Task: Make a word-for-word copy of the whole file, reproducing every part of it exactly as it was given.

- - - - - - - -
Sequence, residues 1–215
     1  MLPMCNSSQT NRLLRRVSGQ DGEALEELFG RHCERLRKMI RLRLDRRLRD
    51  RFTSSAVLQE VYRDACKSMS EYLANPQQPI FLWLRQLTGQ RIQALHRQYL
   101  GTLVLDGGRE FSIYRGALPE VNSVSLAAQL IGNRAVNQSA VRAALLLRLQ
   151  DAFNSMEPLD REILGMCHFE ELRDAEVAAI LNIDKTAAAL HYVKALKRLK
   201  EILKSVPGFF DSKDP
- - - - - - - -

Sequence, residues 1–215
     1  MLPMCNSSQT NRLLRRVSGQ DGEALEELFG RHCERLRKMI RLRLDRRLRD
    51  RFTSSAVLQE VYRDACKSMS EYLANPQQPI FLWLRQLTGQ RIQALHRQYL
   101  GTLVLDGGRE FSIYRGALPE VNSVSLAAQL IGNRAVNQSA VRAALLLRLQ
   151  DAFNSMEPLD REILGMCHFE ELRDAEVAAI LNIDKTAAAL HYVKALKRLK
   201  EILKSVPGFF DSKDP